Aliens in the Landscape

Aliens in the Landscape…

So we aren’t talking about ET, the extra terrestrial or martians wanting to take you back to their planet. Worse! We are talking butterfly bush, honeysuckle, ivy, and some ornamental grasses amoung other plants stealing our landscape.  While these plants might bring beauty and fragrance to your property, they are also actively succeeding in defeating our native plant species.  So, with a bit of education you can conquer the aliens and improve your landscape.


So why native plants? Native plants are the right choice because they are resistant to drought, insects and disease and require less care.  Native plants also improve soil fertility, provide food and shelter for wildlife as well as reduce run off.  There are so many wonderful native plants to choose from. Native plants  are readily available from most reputable garden centers or landscape contractors. Often, the best choices are right under your nose.  Here are a few of my favorites.


To attract hummingbirds or songbirds to your landscape consider Clethra ( Clethra alnifolia) especially the variety ‘Ruby Spice’ with its pink bottlebrush blooms and yellow fall foliage it’s a wonderful addition to any shrub border or garden. Also, Red Twig Dogwood ( Cornus Sericea), Winterberry Holly ( Ilex verticilatta), and Serviceberry ( Amelanchier sp.) is another great choice for a small-medium choice with its rich fall color and desirable winter berries.


If you are a butterfly fan, they will make an appearance with Turtlehead( Chelone glabra) , Blazing Star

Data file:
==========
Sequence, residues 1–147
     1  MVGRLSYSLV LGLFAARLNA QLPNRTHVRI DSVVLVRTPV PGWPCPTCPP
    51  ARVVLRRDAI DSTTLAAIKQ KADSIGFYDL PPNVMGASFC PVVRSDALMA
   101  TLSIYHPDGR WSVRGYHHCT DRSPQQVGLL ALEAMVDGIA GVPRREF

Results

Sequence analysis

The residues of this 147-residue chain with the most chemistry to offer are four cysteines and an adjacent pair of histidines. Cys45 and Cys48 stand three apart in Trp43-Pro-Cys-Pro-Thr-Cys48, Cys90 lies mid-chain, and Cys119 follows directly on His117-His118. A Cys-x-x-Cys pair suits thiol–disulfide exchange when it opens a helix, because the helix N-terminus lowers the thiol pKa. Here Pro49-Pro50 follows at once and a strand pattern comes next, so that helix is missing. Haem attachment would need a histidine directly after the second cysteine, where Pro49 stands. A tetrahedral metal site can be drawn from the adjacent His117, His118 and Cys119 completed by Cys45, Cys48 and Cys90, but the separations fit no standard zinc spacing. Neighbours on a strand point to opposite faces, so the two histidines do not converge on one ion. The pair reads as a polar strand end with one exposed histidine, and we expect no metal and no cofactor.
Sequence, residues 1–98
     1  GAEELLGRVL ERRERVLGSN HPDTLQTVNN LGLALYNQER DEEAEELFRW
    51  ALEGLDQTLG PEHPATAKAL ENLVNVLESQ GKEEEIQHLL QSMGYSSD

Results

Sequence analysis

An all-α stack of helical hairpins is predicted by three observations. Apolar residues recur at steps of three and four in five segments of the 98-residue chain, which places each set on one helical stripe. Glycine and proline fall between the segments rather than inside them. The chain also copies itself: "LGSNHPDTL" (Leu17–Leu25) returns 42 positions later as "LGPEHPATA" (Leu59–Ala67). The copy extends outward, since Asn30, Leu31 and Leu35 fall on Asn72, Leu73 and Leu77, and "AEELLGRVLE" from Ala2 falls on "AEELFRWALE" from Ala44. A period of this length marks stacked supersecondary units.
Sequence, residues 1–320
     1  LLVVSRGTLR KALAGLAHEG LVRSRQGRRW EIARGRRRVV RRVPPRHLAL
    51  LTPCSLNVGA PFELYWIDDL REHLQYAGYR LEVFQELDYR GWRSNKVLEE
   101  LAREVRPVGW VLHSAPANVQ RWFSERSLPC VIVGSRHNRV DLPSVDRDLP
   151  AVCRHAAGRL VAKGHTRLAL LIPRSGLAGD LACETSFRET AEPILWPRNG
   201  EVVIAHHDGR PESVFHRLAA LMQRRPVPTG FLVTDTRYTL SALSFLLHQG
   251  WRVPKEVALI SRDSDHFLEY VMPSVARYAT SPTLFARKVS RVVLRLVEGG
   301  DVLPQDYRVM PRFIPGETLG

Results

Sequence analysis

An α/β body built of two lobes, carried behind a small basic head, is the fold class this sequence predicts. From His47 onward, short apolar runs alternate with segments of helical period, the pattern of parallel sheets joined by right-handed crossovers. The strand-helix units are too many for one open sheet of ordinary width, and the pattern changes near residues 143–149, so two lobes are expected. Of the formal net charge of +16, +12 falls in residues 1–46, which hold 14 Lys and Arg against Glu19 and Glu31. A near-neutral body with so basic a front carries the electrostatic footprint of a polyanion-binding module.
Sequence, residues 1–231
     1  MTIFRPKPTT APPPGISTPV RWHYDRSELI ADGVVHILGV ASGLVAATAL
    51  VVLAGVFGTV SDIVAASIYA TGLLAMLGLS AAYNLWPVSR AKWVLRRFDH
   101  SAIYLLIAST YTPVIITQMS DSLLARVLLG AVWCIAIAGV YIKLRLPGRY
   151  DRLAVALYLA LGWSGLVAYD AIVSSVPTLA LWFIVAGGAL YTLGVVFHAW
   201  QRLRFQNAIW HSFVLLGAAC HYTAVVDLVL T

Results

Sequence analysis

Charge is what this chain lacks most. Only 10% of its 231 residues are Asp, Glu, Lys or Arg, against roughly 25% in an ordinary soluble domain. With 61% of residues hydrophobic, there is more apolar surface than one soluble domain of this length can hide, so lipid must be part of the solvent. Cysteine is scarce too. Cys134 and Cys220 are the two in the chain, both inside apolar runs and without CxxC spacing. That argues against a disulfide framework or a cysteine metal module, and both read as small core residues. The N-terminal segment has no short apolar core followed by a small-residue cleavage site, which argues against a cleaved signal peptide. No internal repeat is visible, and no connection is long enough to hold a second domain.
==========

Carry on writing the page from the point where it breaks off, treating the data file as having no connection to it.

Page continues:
( Liatris spicata), and Sourwood ( Oxydendrum arboreaum). These native plants provide nectar for butterflies. The monarch population is in severe decline. The reason why is somewhat controversial but the leading theory is climate change.  With drought leading to fires in the monarch’s migration pattern, some of the plants monarchs feed on are lost with  the fires, thus no food source and decline of the monarch.  Resist the urge to plant butterfly bush believing it will attract butterflies. Butterfly bush is an aggressive weed that will grow in pavement, streambeds, and everywhere you don’t want it to show up. It is not a great source of nectar for the butterfly either. Its nectar is not known to be rich in nutrients.  Instead plant butterfly weed, joe-pye weed or one of the most important plants for specifically the for monarchs, milkweed. It is the only plant where monarchs will lay their eggs as well, they feed on it as caterpillars as well as enjoying its nectar.


In conclusion, Go Native! Supplement with ornamentals. Native plants will bring you less maintenance, lots of joy and attract wildlife. There are many sources available to find the best native plants for your garden. Consider of course exposure, soil type, and mature growth.  Check with the local Cooperative Extension office for a current list of plants considered invasive exotics. The list changes as we learn more about these “imports”.  A great website for more information is .

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